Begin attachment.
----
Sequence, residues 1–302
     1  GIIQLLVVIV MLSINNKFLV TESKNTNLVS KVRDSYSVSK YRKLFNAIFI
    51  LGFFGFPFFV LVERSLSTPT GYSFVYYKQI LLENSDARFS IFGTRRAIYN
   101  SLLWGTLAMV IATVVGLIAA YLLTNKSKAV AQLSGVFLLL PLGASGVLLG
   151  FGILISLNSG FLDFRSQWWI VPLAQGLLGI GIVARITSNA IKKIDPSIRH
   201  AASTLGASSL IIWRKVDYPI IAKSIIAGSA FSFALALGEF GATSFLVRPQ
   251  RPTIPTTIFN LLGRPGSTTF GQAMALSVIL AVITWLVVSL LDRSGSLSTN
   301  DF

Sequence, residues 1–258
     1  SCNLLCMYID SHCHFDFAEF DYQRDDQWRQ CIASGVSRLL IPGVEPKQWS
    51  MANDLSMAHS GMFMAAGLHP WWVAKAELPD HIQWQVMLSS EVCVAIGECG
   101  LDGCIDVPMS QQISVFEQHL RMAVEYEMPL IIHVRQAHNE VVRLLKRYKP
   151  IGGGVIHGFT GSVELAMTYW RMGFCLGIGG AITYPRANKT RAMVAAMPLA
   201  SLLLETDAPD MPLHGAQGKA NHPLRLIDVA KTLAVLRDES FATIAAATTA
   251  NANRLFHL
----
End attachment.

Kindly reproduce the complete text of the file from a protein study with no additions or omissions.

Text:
Sequence, residues 1–302
     1  GIIQLLVVIV MLSINNKFLV TESKNTNLVS KVRDSYSVSK YRKLFNAIFI
    51  LGFFGFPFFV LVERSLSTPT GYSFVYYKQI LLENSDARFS IFGTRRAIYN
   101  SLLWGTLAMV IATVVGLIAA YLLTNKSKAV AQLSGVFLLL PLGASGVLLG
   151  FGILISLNSG FLDFRSQWWI VPLAQGLLGI GIVARITSNA IKKIDPSIRH
   201  AASTLGASSL IIWRKVDYPI IAKSIIAGSA FSFALALGEF GATSFLVRPQ
   251  RPTIPTTIFN LLGRPGSTTF GQAMALSVIL AVITWLVVSL LDRSGSLSTN
   301  DF

Sequence, residues 1–258
     1  SCNLLCMYID SHCHFDFAEF DYQRDDQWRQ CIASGVSRLL IPGVEPKQWS
    51  MANDLSMAHS GMFMAAGLHP WWVAKAELPD HIQWQVMLSS EVCVAIGECG
   101  LDGCIDVPMS QQISVFEQHL RMAVEYEMPL IIHVRQAHNE VVRLLKRYKP
   151  IGGGVIHGFT GSVELAMTYW RMGFCLGIGG AITYPRANKT RAMVAAMPLA
   201  SLLLETDAPD MPLHGAQGKA NHPLRLIDVA KTLAVLRDES FATIAAATTA
   251  NANRLFHL